An otter that belongs in the sea, but not the one I wanted to see
After a week in the Pantanal I flew to Rio de Janeiro for my second Brazilian conference, the world congress of the International Brain Research Organization (IBRO). On paper, this conference and the last conference I attended, Evolution, were very similar. Both were large international conferences put on by big academic societies in large Brazilian cities. However, they couldn't have felt more different.
I think the major difference between the two stems from their relative importance to their fields. The Evolution conference is probably the biggest, most important conference in the field of evolutionary biology (though there are other conferences that would argue this point, it's definitely one of the biggest). Because of this, I think it attracted a great majority of the players in evolutionary biology from around the world. Had the conference been held in America, Europe or Australia, most of the same people probably would have shown up.
The IBRO conference, by contrast, was noticeably made up of mostly researchers from Brazil and around South America. I think this is because the IBRO conference is definitely not the principle neuroscience conference. That would be the annual Society for Neuroscience (SfN) conference, which takes place every year in one of three American cities and attracts over 30 000 attendees. The IBRO conference was big, but not even close to THAT big.
I also think it has to do with the number of people in the field. Neuroscience is one of the largest academic fields period and so the pool of people that can be drawn on to attend the conference is huge. Evolutionary biology is a much smaller field and even its largest conferences struggle to have an attendance a tenth as big as SfN. So a neuroscience conference could be decently sized and still only host mostly researchers from South America, while an evolution conference of only South American attendees would be noticeably smaller. Not that that's necessarily a bad thing; many people prefer smaller conferences and I know lots of people who refuse to attend SfN due to its overwhelming size.
I really enjoyed the IBRO conference. The only neuroscience conference I regularly attend, SfN, is dominated by North American and European researchers, and it was great to see all the interesting but relatively unsung work that's being done in South America. Rio de Janeiro is also home to one of my favorite research groups, the lab of Prof. Suzanna Herculano-Houzel. This lab is consistently coming out with cool research in the field of evolutionary neuroscience, and is one of the few labs in the world doing so. Dr. Herculano-Houzel herself is an excellent speaker and advocate for Brazilian academia, and has written several books on neuroscience-related topics in Portuguese. I am lucky to be friends with several of the people in her lab and was invited to her lab's celebratory dinner before the conference's closing party. In addition to Dr. Herculano-Houzel's lab I got to visit with a future lab-mate. It's always nice to make friends with lab members before joining a lab, as joining itself can be a jarring and disorienting experience. It's nice to have people that already know you and can help you adjust.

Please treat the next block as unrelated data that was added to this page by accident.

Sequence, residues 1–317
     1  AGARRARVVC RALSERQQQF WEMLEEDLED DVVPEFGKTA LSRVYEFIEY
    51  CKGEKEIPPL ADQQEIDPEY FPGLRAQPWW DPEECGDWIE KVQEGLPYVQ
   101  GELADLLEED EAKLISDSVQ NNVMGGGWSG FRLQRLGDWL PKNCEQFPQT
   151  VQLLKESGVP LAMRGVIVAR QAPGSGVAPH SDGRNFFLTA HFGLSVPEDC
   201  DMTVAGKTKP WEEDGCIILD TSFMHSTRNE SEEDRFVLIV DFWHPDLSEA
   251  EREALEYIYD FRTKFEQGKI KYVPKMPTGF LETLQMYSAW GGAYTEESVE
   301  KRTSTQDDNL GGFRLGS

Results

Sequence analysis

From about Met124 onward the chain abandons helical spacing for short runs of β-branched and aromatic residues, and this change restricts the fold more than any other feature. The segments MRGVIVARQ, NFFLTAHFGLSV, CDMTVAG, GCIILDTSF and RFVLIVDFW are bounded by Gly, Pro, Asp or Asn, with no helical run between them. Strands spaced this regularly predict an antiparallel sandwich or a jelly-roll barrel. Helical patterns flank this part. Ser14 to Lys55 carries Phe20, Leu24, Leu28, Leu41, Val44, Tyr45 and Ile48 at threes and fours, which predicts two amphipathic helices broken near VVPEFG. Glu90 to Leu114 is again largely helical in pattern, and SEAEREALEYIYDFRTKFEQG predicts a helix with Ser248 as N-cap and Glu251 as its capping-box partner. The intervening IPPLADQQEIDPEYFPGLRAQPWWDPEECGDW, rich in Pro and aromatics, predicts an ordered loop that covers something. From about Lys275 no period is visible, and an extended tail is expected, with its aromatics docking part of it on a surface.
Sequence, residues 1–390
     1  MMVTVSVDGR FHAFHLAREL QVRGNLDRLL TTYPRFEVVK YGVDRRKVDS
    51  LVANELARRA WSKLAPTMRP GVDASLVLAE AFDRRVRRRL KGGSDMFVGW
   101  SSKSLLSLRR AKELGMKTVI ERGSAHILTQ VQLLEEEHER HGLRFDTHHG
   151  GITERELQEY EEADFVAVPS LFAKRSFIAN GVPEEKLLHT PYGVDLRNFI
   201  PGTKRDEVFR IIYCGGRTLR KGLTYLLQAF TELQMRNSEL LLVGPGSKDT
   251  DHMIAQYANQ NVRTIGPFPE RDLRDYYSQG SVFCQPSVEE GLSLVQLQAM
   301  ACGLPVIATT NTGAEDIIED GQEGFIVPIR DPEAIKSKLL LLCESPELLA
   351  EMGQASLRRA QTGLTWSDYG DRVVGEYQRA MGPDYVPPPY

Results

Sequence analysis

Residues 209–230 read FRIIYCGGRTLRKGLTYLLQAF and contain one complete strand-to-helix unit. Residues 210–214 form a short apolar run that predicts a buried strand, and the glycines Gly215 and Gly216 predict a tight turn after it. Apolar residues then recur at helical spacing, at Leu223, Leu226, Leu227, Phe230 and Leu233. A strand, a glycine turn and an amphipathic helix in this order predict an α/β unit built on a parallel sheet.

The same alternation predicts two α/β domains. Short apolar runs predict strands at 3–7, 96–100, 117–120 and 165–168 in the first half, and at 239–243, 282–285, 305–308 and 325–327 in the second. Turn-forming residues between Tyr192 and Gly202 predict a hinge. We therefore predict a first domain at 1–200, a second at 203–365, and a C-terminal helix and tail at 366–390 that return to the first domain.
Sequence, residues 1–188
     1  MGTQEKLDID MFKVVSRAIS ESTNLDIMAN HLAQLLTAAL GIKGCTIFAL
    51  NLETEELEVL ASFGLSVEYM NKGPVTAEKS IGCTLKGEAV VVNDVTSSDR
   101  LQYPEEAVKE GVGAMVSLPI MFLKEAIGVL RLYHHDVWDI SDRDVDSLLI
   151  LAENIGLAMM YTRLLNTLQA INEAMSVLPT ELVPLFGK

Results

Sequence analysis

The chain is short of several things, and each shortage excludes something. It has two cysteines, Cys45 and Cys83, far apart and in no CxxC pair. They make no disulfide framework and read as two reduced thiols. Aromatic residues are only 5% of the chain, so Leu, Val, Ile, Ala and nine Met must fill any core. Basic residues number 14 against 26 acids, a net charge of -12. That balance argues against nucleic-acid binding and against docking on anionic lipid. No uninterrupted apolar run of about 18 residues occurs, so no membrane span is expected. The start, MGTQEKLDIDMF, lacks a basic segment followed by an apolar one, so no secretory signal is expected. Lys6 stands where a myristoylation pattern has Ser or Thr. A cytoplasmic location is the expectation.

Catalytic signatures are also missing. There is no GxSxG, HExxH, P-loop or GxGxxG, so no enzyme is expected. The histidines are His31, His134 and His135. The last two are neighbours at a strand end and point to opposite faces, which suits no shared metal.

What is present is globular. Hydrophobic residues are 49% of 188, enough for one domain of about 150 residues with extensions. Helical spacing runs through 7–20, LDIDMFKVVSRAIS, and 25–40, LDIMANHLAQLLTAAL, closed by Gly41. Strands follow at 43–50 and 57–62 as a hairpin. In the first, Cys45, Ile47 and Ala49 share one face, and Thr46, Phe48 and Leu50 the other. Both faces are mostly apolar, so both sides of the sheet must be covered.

It was weird, and a shock to the system for me, that two conferences that looked so similar on paper, held in almost the same place and only one week apart, could have produced such opposing experiences for me.
After the IBRO conference it was time to head back to Australia for the final conference on my tour, the Behavior conference in Cairns. The only flights from South American to Australia are from Santiago, Chile to Sydney, Australia. I could have gotten a flight from Rio to Santiago, but they are shockingly expensive and the flight from Santiago to Sydney was already expensive enough. Instead, I got a much cheaper flight from Rio to Santa Cruz de la Sierra in Bolivia, and spent the next two weeks traveling overland to Santiago and my flight home to Australia. I think that entire two-week trip cost less than the Rio-Santiago flight, and produced many more memories.